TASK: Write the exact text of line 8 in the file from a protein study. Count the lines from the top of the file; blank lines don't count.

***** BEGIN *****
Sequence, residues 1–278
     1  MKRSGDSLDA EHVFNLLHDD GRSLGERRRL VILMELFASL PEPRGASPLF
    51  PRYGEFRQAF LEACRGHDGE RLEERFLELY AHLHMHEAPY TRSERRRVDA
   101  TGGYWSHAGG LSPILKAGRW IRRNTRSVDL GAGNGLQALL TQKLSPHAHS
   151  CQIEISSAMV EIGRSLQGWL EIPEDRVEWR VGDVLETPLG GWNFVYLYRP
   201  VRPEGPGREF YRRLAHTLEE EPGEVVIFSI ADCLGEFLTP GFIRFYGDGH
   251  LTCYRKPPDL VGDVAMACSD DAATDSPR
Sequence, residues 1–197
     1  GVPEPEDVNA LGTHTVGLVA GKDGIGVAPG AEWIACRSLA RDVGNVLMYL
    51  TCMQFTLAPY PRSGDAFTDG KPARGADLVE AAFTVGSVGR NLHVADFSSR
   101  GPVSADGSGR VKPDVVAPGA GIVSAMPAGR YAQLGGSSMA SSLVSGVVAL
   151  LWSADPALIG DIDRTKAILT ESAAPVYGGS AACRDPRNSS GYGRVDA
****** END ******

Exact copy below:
Sequence, residues 1–197